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Strictly speaking this isn’t about participatory medicine, but it is about being an empowered consumer of care. There are several dimensions to empowerment, including (but not limited to):

  • Knowing what you want
  • Recognizing whether you’re getting it
  • When you’re not, speaking up about it – courteously, when you can.

You know real change is happening when the world becomes ready to hear it, and respond. So I’m thrilled about today’s Empowered Patient column by CNN Senior Medical Correspondent Elizabeth Cohen, Would Your Doctor Pay for Wasted Time?

She writes about doctors who are now paying patients if they have to wait too long! It’s a glimpse of a world that’s almost unimaginable: healthcare delivery that works smoothly for everyone – the providers and the patients and families they serve.

Boeing employee Elaine Farstad spent two extra hours waiting, and sent the doctor a bill for her time – and they paid it! (I can hear the screeches of alarm across the country as I write this…) Several doctors offer gifts or cash.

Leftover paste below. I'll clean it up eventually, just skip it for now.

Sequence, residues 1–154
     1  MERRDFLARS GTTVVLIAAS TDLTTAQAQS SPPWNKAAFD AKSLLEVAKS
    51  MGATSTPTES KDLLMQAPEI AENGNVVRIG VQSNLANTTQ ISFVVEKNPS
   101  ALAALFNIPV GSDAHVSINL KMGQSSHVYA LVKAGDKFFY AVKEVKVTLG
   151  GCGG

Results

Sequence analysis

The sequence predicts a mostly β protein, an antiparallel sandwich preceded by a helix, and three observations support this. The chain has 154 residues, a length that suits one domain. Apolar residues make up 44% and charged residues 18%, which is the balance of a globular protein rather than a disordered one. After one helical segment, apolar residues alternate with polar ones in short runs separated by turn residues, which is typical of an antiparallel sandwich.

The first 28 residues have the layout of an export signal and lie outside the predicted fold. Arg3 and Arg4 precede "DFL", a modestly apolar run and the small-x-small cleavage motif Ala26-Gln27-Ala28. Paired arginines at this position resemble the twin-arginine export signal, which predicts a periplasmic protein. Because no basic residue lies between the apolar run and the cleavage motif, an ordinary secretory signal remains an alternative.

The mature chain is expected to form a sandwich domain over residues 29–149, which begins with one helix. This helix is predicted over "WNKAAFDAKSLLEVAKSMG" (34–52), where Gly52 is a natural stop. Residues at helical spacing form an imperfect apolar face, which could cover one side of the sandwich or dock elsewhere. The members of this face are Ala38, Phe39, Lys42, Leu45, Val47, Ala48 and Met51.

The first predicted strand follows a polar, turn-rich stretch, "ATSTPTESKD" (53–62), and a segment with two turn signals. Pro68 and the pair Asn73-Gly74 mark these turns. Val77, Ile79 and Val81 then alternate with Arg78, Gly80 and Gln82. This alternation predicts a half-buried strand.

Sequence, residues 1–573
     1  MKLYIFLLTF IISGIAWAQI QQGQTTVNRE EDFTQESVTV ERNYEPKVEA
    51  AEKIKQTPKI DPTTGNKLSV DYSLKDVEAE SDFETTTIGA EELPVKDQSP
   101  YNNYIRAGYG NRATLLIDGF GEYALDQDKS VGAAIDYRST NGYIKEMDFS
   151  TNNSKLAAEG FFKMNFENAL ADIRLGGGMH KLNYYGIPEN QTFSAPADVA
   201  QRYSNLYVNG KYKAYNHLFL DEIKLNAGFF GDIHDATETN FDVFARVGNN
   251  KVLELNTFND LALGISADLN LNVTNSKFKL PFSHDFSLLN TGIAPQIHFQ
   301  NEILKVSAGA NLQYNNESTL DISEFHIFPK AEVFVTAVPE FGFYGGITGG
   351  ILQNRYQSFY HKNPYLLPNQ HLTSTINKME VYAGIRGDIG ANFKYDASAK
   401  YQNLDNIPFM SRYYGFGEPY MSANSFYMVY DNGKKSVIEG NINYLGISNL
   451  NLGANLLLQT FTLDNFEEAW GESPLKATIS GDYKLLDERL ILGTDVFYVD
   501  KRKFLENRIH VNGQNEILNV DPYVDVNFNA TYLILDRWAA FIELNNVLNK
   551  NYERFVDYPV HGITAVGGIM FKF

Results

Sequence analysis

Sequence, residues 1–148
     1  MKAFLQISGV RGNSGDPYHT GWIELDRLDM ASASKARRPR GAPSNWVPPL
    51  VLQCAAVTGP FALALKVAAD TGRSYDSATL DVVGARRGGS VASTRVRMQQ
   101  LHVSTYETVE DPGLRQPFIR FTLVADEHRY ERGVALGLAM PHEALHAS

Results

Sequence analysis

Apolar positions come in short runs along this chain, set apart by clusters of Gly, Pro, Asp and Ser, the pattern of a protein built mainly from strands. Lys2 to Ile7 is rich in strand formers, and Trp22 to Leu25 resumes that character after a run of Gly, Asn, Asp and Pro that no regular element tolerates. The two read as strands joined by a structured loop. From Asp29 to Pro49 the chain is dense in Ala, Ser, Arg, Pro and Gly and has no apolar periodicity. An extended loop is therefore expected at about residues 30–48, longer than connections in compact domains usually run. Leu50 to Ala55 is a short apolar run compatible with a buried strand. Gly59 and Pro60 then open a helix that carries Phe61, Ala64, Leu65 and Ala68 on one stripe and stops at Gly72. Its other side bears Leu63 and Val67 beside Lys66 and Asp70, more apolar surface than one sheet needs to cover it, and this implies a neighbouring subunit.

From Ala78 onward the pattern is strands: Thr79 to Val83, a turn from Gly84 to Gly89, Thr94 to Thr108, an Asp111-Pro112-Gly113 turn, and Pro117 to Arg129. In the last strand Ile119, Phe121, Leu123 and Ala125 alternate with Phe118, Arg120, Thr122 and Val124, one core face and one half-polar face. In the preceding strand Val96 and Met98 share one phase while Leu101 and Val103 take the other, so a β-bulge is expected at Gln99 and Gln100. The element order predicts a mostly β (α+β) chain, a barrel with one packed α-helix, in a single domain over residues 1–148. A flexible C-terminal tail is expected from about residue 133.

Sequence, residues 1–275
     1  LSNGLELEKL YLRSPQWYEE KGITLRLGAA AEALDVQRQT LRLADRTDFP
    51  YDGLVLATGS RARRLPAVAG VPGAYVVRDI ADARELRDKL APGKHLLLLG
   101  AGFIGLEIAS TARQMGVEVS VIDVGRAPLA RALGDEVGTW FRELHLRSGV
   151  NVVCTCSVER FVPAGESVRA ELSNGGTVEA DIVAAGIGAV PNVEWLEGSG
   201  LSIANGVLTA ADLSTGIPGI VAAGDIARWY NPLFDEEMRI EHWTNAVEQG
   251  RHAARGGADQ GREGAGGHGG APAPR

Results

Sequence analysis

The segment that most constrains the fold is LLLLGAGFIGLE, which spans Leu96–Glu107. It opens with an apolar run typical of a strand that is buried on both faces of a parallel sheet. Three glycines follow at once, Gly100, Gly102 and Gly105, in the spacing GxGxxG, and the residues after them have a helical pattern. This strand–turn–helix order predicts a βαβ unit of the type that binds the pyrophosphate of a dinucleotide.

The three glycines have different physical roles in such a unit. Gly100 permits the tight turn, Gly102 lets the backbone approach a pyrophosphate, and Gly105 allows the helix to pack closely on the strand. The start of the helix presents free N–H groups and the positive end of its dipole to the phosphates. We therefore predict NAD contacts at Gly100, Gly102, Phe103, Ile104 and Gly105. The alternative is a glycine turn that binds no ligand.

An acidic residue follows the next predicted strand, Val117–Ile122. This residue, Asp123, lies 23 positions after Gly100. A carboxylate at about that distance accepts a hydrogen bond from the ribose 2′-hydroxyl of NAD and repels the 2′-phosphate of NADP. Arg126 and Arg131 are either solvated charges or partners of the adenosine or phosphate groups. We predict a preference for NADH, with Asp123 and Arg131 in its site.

The column has several what-to-do’s, including a link to the doctor list at the Ideal Medical Practices Organization, which encourages its doctors to be on time.

(By the way, this isn’t just a “be nicer to patients” issue – I think a root cause of our problems in healthcare is that it’s the only industry I know where the definition of quality doesn’t start with “What does the customer value?” I’m not saying that being on time will cure cancer, or anything like that – I’m saying, my gut says good and valuable things will happen if we make customer service a priority in healthcare. Cohen links to an episode in my own life two years ago, and in that case the hospital actually listened and changed their practices, because they “got” that they were inadvertently not valuing patients’ time. Hooray!)


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